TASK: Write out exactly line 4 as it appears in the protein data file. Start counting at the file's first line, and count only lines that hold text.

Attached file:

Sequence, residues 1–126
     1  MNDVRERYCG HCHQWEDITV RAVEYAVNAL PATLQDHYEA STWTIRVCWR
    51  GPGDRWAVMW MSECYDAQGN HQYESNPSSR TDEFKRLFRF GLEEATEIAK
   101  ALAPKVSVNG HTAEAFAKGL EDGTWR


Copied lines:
   101  ALAPKVSVNG HTAEAFAKGL EDGTWR